Wednesday, January 12, 2011

What is behind the blood libel accusations of the Democrats?

Charles Krauthammer puts his training as a psychiatrist to work on the Tuscon massacre to address the accusations that somehow Jard Loughner was motivated by the clichéd "climate of hate" that liberals have decided to pin on conservatives.
The charge: The Tucson massacre is a consequence of the "climate of hate" created by Sarah Palin, the Tea Party, Glenn Beck, Obamacare opponents and sundry other liberal betes noires.

The verdict: Rarely in American political discourse has there been a charge so reckless, so scurrilous and so unsupported by evidence.

As killers go, Jared Loughner is not reticent. Yet among all his writings, postings, videos and other ravings - and in all the testimony from all the people who knew him - there is not a single reference to any of these supposed accessories to murder.

Not only is there no evidence that Loughner was impelled to violence by any of those upon whom Paul Krugman, Keith Olbermann, the New York Times, the Tucson sheriff and other rabid partisans are fixated. There is no evidence that he was responding to anything, political or otherwise, outside of his own head.

A climate of hate? This man lived within his very own private climate. "His thoughts were unrelated to anything in our world," said the teacher of Loughner's philosophy class at Pima Community College. "He was very disconnected from reality," said classmate Lydian Ali. "You know how it is when you talk to someone who's mentally ill and they're just not there?" said neighbor Jason Johnson. "It was like he was in his own world."

His ravings, said one high school classmate, were interspersed with "unnerving, long stupors of silence" during which he would "stare fixedly at his buddies," reported the Wall Street Journal. His own writings are confused, incoherent, punctuated with private numerology and inscrutable taxonomy. He warns of government brainwashing and thought control through "grammar." He was obsessed with "conscious dreaming," a fairly good synonym for hallucinations.

This is not political behavior. These are the signs of a clinical thought disorder - ideas disconnected from each other, incoherent, delusional, detached from reality.
So we lack any sort of evidence that he was at all aware of Sarah Palin, the tea party, or any political rhetoric. That, of course, doesn't stop Democratic partisans from trying to take political advantage over the corpses of the dead in Tuscon.

But even if you believed this blood libel accusation, what would be the solution? What type of speech would you ban? What qualifications to the First Amendment would you make? We do know that Loughner had linked to a video of a flag burning. Would you make flag burning illegal? One Democratic representative, Bob Brady of Pennsylvania, has a bill proposal to ban military symbols and language that could foster violence. Really? Does he actually believe that such a bill would be constitutional? Jonah Goldberg follows this sort of thinking to its logical conclusion.
f the alleged shooter had been inspired by a movie or TV show -- as any number of murderers have been over the years -- would those blaming the tea parties join with social conservatives in blaming Hollywood? Would they celebrate new laws to "shut down" such fare?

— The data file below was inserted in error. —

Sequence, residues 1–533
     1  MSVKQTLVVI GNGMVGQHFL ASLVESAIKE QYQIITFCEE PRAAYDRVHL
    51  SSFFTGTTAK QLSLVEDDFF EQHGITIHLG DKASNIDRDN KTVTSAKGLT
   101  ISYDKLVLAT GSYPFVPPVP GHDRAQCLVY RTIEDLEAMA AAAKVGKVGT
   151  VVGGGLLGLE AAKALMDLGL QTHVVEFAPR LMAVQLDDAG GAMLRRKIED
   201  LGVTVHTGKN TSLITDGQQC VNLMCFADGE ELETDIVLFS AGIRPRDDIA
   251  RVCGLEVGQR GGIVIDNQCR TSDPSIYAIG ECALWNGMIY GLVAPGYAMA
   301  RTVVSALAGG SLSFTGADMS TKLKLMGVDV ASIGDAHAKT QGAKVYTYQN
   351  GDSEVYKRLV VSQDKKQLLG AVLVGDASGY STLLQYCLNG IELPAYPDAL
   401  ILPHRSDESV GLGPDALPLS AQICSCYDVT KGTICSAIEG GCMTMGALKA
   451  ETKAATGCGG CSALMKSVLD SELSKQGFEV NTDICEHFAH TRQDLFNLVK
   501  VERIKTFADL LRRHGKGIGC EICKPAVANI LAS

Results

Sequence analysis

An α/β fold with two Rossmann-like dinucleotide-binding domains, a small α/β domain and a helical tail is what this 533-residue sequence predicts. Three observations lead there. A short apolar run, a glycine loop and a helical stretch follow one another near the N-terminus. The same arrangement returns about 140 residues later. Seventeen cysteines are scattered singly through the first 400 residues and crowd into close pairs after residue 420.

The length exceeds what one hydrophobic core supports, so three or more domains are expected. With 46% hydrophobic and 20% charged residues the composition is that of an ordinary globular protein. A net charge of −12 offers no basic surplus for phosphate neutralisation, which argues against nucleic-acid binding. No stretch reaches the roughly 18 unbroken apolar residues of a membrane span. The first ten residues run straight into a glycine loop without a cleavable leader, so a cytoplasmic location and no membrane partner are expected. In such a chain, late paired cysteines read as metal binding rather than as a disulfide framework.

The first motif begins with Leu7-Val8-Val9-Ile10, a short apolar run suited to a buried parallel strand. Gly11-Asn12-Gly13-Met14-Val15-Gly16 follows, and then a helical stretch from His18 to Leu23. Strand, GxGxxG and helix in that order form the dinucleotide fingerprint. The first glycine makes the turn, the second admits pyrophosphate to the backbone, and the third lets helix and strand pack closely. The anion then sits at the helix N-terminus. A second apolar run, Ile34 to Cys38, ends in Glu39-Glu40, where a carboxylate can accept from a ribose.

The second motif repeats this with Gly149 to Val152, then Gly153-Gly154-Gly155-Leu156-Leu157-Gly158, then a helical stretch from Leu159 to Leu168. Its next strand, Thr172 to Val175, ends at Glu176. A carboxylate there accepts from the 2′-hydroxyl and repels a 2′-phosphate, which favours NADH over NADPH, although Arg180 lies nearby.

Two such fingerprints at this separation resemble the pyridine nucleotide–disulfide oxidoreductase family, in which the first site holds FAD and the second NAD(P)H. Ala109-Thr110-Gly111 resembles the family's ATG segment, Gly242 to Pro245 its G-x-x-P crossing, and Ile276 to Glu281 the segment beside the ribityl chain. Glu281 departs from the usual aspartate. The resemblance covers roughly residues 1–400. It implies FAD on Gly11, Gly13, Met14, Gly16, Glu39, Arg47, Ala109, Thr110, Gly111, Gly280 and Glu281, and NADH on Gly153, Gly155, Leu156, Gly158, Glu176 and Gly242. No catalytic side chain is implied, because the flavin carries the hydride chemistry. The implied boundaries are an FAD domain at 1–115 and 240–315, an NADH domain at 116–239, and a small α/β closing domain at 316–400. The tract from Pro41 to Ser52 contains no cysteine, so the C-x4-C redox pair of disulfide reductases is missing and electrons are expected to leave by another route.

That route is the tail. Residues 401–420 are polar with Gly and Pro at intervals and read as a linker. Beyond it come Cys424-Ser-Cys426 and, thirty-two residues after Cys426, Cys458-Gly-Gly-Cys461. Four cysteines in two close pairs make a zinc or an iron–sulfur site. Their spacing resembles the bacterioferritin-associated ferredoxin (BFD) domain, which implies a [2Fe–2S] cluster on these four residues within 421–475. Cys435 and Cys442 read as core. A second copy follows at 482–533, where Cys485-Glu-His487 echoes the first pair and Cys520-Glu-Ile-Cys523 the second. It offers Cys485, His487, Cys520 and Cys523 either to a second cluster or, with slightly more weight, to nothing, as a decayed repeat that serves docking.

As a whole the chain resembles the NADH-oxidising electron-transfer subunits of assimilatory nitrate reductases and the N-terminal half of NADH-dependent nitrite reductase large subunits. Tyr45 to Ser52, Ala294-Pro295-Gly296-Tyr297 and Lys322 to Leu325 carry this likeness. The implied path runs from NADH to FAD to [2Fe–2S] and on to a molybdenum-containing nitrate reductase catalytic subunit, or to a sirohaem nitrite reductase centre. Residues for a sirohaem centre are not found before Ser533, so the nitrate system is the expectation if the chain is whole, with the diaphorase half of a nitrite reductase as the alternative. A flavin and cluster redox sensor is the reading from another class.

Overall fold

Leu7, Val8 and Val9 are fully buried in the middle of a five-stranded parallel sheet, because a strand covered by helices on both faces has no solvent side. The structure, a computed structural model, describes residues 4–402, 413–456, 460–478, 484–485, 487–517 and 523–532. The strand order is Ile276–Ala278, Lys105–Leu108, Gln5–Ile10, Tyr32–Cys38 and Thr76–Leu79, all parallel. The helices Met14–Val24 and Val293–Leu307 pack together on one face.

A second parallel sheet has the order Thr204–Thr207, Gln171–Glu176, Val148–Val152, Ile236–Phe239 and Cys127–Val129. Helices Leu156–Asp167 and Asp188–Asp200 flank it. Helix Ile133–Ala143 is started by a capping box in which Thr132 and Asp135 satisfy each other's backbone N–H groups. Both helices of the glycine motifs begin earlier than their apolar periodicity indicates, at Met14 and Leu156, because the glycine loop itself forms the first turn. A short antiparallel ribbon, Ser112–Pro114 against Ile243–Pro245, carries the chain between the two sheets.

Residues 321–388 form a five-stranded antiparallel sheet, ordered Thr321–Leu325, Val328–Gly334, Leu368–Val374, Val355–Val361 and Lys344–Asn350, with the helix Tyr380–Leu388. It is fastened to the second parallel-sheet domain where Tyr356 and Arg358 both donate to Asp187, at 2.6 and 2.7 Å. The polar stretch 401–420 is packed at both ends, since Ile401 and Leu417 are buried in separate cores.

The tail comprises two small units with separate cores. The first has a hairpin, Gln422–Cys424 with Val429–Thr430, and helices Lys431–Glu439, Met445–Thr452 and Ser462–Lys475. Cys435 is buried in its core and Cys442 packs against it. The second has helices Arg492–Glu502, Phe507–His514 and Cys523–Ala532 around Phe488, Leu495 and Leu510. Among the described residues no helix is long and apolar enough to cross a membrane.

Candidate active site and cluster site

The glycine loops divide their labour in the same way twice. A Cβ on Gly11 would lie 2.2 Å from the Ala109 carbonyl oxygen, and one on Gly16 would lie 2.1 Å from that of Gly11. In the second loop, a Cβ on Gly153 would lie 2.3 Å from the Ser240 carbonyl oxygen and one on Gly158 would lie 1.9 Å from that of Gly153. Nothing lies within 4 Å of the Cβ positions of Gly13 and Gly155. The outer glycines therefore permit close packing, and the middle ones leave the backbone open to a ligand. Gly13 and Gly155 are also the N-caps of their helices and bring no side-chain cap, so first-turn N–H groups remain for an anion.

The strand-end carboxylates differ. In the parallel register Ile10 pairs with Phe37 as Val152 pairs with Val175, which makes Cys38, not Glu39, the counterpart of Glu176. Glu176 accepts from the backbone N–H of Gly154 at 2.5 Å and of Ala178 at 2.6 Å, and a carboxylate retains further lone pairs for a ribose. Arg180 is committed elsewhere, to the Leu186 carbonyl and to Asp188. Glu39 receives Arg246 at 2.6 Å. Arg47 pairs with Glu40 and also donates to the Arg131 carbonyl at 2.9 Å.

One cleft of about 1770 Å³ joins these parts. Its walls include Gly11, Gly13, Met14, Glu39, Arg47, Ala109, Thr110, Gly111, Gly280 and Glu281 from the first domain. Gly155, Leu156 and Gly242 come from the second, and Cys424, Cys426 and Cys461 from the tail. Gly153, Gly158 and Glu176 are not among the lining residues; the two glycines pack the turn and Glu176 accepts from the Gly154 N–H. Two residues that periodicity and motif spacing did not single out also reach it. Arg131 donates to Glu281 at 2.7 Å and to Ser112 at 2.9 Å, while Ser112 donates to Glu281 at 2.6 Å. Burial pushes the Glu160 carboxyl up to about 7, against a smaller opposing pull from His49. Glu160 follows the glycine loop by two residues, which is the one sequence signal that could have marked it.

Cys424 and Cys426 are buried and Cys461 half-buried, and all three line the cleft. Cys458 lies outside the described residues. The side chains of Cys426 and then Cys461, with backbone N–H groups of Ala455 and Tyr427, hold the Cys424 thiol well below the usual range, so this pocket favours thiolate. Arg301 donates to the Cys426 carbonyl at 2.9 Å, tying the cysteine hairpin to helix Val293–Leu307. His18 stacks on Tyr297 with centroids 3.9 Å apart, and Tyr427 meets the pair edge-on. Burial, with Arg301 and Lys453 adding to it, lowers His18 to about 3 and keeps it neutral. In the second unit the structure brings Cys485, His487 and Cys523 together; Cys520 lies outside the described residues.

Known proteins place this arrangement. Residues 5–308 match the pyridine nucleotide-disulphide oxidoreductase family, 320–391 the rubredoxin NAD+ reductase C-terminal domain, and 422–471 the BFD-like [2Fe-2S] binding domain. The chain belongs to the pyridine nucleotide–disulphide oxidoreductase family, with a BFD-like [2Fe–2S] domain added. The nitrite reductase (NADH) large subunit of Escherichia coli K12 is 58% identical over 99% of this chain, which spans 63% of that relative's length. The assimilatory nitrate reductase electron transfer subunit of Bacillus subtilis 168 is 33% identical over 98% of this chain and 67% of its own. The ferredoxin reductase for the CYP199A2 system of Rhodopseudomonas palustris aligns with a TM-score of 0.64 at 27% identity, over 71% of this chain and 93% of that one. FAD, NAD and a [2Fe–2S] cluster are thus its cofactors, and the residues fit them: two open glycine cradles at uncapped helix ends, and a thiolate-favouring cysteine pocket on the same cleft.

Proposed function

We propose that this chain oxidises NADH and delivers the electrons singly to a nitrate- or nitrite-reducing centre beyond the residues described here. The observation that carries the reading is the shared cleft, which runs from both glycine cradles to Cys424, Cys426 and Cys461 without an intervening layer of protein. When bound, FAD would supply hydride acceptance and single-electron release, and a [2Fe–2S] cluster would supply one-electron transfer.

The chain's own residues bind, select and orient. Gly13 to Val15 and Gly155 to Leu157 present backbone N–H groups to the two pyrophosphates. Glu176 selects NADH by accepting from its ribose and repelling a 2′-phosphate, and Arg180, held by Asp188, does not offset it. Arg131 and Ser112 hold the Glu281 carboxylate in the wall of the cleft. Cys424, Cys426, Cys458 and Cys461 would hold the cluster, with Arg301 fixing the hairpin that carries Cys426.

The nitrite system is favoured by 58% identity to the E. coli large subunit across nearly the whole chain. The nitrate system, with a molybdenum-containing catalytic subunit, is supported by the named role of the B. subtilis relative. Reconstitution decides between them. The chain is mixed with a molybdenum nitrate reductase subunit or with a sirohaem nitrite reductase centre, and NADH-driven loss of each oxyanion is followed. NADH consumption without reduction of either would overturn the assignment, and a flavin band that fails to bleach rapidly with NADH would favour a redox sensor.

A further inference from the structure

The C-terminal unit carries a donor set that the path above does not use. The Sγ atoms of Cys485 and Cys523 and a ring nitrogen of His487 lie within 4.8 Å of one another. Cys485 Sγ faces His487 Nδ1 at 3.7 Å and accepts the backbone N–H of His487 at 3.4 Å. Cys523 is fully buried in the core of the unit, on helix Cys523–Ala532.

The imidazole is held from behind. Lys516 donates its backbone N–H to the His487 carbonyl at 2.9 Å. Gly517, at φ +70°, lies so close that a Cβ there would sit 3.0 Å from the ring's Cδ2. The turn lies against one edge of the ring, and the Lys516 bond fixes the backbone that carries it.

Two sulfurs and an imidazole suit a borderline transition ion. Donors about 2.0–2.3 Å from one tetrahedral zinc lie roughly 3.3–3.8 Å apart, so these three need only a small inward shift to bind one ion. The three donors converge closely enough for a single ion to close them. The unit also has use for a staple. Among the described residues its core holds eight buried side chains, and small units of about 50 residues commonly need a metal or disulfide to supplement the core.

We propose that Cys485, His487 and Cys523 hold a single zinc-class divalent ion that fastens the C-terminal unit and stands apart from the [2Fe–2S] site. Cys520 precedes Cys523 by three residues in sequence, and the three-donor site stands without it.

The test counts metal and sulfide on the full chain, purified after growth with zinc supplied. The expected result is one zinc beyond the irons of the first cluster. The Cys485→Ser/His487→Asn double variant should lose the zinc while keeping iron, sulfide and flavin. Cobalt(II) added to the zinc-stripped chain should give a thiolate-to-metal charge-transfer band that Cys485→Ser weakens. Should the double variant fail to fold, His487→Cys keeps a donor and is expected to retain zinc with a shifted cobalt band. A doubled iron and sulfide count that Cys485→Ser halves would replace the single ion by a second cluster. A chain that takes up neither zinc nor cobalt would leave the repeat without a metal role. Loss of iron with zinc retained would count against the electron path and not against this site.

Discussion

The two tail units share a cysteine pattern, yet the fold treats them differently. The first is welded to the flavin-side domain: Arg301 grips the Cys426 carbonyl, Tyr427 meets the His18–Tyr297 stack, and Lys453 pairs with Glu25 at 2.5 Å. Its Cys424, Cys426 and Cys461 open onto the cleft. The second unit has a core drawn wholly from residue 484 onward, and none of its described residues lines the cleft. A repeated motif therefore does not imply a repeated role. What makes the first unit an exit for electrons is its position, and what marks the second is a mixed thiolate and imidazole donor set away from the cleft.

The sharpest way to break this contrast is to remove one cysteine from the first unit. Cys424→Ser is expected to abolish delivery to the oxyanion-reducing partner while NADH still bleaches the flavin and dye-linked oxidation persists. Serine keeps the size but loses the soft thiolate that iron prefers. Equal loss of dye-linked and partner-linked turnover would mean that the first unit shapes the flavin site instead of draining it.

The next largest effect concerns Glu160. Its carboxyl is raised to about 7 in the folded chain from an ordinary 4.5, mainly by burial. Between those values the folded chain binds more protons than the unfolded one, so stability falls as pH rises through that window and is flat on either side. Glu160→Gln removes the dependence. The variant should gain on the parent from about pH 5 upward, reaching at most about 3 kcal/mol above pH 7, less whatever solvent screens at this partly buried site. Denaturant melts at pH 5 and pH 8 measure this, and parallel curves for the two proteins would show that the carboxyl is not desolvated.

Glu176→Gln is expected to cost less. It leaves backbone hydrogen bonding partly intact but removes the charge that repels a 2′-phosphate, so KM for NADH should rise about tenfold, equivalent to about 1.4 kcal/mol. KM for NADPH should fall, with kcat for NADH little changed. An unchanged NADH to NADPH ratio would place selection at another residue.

Mark David Chapman, who murdered John Lennon, claimed to be in part inspired by "Catcher in the Rye." Should that be banned? Or if not banned, should we "dismiss" from public life anyone who doesn't denounce J.D. Salinger?

When the subject of censorship or the "chilling" of free expression comes up in other contexts, the very idea that books, movies or TV can be blamed for the actions of the criminal or the deranged is met with unbridled scorn. I actually disagree with that. If books can inspire us positively, surely they can inspire us negatively, too. But we understand that we don't blame books for the rare demons who feed on them.
Liberals who are so swift to blame the language of Sarah Palin or Sharron Angle would recoil from any suggestion that works of art share similar blame for other crimes.

Of course, deep down, these blood libel accusations are not about limiting speech through a law, Representative Bob Brady aside. They're instead aimed at a different target. (See how hard it is to get away from military metaphors?) The purpose is to deprive conservatives of legitimacy in public opinion. When liberals decry criticism of government as leading to the Oklahoma City bombing or the Tuscon shooting, their true goal is to neutralize conservative political points. This is of a piece with all the attempts to paint Republican candidates as extremists and paint all the Republican candidates in November's election as versions of Christine O'Donnell. Paint Republicans as some sort of monster on our body politic and then try to defang them through by trying to connect them in the public's mind with mindless murders that are wholly unrelated. The ultimate goal: make any criticism of how the government operates or plans to expand the power of government seem to be one step closer to mass murder.

Anyone who has observed high school debaters has seen this tactic in operation. They'll take a proposal of their opponents to reform education and then demonstrate how this is just a few steps away from thermonuclear war that will destroy all mankind. It's a silly jump in logic when debaters use it, but how different is that from saying that critics of government action are fundamentally responsible for the actions of murderous maniacs?